One World Flowers Featured in ‘The Produce News’ Publication

Alaina Paradise, owner of One World Flowers, staffed a table at an Earth Day celebration in Albuquerque, NM. One World Flowers gave away 1,500 roses at the event.

The following article was featured in the Floral Marketing section of The Produce News, June 2010.Click here to view the original article.


Alaina Paradise is happy to go from zero to 90. That’s the number of customers her One World Flowers import and distributing company has attracted with its Fair Trade offerings in its first two years. The economic skies were cloudy when Ms. Paradise began operations in May 2008, but as she put it, “we could only go up.” Not only were times hard, but she was beginning a new company with a premium product yet to find a reliable niche in retail markets.

One World Flowers is a licensed importer of Fair Trade flowers from Ecuador and Colombia. The company sells them nationwide to supermarkets, co-op grocers, and retail florists who have customers loo

king for more than just green options in the floral department. “More consumers are becoming aware of the human rights issues surrounding the products they buy,” said Ms. Paradise, “and they’re learning to look for labels that take care of people as well as the environment.”

The Fair Trade label is what Ms. Paradise calls a “complete sustainability” label. It guarantees not only environmental protection, but also human rights standards. Components include controls on pesticide use, safe working conditions, and fair wages for workers. “A big part of the Fair Trade program is direct and long-term relationships between the farms and importers,” Ms. Paradise stated in a phone interview. “W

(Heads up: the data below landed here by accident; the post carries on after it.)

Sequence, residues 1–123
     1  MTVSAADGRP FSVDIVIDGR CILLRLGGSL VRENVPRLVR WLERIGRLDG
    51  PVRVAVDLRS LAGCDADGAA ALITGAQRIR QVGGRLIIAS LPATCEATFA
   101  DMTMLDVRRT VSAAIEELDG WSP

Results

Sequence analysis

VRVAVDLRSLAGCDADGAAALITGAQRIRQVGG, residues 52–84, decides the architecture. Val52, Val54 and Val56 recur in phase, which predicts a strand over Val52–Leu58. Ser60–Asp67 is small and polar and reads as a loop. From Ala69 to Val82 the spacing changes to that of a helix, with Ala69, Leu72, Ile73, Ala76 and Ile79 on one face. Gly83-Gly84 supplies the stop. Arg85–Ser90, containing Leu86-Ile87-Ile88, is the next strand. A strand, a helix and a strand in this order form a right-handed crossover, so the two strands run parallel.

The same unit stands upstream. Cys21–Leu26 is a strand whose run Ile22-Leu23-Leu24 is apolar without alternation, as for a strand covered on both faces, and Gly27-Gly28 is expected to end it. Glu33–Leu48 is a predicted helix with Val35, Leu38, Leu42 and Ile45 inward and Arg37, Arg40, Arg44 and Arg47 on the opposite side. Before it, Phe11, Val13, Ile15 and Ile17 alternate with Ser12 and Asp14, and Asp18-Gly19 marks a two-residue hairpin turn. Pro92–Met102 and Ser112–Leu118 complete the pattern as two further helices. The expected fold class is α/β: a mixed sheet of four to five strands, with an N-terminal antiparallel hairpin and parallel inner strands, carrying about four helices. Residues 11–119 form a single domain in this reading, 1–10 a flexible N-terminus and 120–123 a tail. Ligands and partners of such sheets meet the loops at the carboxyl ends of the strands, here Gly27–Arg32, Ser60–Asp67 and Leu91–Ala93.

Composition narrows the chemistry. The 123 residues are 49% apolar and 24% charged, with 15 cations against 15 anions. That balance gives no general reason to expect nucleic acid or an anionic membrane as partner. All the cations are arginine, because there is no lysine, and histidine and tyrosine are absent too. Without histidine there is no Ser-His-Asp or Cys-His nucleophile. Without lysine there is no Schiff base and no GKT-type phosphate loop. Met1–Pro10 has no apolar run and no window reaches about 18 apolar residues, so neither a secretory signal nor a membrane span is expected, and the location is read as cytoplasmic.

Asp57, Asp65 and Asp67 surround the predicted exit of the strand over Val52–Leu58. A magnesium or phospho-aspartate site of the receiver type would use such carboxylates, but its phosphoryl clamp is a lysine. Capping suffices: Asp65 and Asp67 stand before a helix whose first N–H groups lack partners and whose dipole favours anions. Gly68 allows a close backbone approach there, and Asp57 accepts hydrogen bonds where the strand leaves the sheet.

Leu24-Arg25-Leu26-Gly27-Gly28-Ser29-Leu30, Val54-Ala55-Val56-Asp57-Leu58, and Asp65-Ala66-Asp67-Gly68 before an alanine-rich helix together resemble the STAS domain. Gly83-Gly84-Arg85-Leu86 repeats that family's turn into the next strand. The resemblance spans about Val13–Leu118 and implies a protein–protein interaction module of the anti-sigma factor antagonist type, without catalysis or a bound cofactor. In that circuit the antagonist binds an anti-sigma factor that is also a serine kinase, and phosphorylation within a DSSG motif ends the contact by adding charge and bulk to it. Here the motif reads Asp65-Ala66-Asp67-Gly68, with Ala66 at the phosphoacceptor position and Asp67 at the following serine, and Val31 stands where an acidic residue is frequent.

e work together in marketing initiatives, sales efforts and in daily operations.”


In addition to the fair wages and benefits that are paid to workers, One World Flowers pays an additional 10 percent of the purchase price into a separate fund managed by workers, who vote on how the money will be used to improve their communities. “So far our farms have built an on-site daycare center, paid for lots of scholarships for workers and their children, and started a micro-loan program,” she said.

Awareness of the benefits of Fair Trade has grown, and One World Flowers sales have grown with it. It offers retail customers a way to compete on the basis of sustainability by offering customers products that match their values. “I am a Christian and Fair Trade is my way of taking my values to the marketplace,” Ms. Paradise elaborated. “Every human being does the same thing in their own way. Those who value money will look for a good deal. Those who value fashion will buy the best brands. Those who value human rights and well-rounded sustainability will buy Fair Trade. An increasing number of customers are demanding well rounded sustainability and we sell flowers that achieve that.”

Many of her competitors h

ave found Fair Trade to be a much harder sell than their regular green products, she said. There are limited Fair Trade varieties, the cost is higher and there is a lot of reporting involved to stay compliant. “We remain committed to making the program work,” she said. “As a result, our margins are much lower than those of the average floral importer. That’s so our Fair Trade flowers can be available to as many people as possible.” To help its retail customers communicate the benefits of Fair Trade, One World Flowers offers free point-of-sale posters and signage, customized tags for flowers, and staff materials like “Ask Me About Fair Trade” buttons and training sheets with answers to frequently asked questions. The company also provides press releases, and photos for use in newsletters or on retail web sites

Published on Friday, June 11, 2010